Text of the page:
I Bought Quicken, Now How Do I Use It?

There’s no better time than the beginning of a new year to implement a new budget in order to gain control of your spending.  In the final installment of our series on Quicken, we provide a few pointers to make using Quicken more meaningful so that you can better track where your money goes.

Should I be trying to hit the same number every month?

Comparing expenses on a monthly basis can be another source of frustration. There are many fluctuations that occur throughout the year, like holidays, summer vacation, and surprise home/car maintenance issues.

This is why it’s most helpful to measure your progress against a rolling year period. For example: You’ve just finished November, so you will want to measure December 1st of last year to November 30th of this year against the calendar year amount of your budget. If the amount is more, then you know you are a little ahead of pace and you should scale back.

If you’ve been diligent enough to hang in there for a year of budgeting, then you are fortunate enough to have a full year of meaningful comparison points.  So for this month, it would be best to investigate how January 2010 is comparing to January 2009’s data.  Barring any unusual spending activities in Jan. 2009, you should have some useful targets to compare to this year’s spending.

Performing this exercise monthly can greatly improve your overall financial picture as it allows you to have greater control over your regular expenditures.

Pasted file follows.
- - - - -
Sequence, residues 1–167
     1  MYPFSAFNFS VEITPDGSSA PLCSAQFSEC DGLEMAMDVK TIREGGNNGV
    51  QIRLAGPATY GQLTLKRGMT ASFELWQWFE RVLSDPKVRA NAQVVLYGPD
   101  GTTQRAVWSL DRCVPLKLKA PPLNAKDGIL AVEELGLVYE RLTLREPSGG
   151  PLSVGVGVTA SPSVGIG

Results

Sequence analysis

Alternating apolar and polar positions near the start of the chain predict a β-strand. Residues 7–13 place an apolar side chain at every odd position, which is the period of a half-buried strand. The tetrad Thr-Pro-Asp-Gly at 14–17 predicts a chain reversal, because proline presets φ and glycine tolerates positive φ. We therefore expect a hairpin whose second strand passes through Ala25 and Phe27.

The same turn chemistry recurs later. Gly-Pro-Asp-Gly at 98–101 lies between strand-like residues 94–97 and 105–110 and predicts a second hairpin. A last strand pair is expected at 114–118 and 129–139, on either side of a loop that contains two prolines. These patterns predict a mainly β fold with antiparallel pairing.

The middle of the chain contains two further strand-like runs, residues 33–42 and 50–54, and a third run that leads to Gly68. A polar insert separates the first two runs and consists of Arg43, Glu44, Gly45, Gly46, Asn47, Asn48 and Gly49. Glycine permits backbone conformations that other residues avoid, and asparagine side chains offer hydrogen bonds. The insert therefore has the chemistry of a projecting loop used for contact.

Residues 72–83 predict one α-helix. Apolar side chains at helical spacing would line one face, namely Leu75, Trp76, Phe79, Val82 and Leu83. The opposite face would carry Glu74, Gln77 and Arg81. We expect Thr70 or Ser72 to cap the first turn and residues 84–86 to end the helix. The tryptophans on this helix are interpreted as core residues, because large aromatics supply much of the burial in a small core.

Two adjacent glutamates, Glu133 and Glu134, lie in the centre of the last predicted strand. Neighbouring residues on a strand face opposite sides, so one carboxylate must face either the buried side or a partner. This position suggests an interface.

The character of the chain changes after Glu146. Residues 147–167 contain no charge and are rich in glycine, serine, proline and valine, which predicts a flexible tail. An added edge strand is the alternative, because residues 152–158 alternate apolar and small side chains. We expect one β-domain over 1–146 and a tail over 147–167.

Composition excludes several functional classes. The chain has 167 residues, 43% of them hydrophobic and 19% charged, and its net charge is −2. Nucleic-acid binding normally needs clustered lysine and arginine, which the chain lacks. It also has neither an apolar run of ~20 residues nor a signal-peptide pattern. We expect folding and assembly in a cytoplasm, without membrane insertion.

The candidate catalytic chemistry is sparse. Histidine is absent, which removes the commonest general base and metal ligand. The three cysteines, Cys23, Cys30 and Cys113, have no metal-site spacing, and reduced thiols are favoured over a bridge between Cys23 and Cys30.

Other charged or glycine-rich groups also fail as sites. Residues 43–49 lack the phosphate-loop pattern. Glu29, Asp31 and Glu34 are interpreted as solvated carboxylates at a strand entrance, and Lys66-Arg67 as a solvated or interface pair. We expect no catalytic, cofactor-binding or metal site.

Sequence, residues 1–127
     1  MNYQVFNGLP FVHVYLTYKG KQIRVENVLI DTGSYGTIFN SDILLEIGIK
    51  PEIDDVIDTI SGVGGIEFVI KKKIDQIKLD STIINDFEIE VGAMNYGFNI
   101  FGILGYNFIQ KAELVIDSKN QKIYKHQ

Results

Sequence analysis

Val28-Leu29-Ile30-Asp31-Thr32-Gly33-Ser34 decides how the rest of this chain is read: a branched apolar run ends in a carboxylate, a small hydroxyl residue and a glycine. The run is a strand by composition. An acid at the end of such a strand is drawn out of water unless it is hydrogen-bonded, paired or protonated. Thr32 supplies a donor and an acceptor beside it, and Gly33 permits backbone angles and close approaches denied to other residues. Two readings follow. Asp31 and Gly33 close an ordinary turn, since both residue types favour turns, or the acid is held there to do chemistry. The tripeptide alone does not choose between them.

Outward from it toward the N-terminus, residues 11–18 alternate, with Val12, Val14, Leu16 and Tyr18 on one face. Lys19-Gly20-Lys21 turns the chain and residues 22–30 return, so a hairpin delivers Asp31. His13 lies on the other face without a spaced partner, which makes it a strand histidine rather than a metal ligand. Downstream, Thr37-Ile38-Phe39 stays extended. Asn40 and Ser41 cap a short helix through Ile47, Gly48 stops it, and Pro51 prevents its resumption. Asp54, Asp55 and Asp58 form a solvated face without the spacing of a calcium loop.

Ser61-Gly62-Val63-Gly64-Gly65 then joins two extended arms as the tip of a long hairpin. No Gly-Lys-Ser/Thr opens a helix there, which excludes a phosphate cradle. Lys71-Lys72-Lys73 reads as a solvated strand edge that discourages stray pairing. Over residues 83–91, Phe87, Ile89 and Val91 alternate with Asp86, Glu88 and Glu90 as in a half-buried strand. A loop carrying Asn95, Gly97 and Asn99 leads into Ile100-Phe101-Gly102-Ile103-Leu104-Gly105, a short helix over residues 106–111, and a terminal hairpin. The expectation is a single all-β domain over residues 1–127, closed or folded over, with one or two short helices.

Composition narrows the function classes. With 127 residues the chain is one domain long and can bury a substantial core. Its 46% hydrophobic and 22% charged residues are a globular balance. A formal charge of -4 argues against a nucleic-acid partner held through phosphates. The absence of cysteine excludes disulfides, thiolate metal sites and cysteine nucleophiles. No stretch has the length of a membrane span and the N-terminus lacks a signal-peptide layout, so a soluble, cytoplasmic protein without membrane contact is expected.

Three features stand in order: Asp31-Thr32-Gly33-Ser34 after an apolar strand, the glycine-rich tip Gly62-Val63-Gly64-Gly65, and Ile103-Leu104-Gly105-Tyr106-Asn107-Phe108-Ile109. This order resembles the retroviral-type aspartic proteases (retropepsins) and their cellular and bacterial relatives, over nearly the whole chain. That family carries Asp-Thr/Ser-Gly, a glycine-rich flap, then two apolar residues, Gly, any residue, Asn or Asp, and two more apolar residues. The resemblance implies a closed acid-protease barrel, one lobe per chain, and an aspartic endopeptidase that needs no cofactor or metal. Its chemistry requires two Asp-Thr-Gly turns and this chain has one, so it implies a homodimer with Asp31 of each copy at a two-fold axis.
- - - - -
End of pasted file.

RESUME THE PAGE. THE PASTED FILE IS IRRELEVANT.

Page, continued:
How many categories should I be using?

Trying to determine which category your expense should go can be very confusing when you have forty to choose from.  Add in multiple subcategories for each of the main categories and you’re about ready to pull your hair out.

Luckily, Quicken allows you to edit the category list which should be your first action step when loading the software.  We recommend using 8-10 categories that will capture all of your spending.  This list includes:

  • Clothing
  • Communication (Phone, TV, Internet)
  • Discretionary (Cash, Travel, Fun, Church/Charity Contributions)
  • Food (Dining Out, Alcohol, Groceries)
  • Debts (Mortgage, Equity Line, Car Payments, Credit Card or Student Loan Payments)
  • Education (Books, Private School, College Tuition)
  • Health & Hygiene (Gym Membership, Doctor Visits, Prescriptions)
  • Household (Maintenance, Home Improvements)
  • Investments (Roth/IRA Contributions)
  • Risk Management & Financial Services (Bank Charges, Insurance)
  • Taxes
  • Transportation (Gas, Repairs, Car Insurance)

By practicing these two steps you should be well on your way to becoming a successful budgeter.

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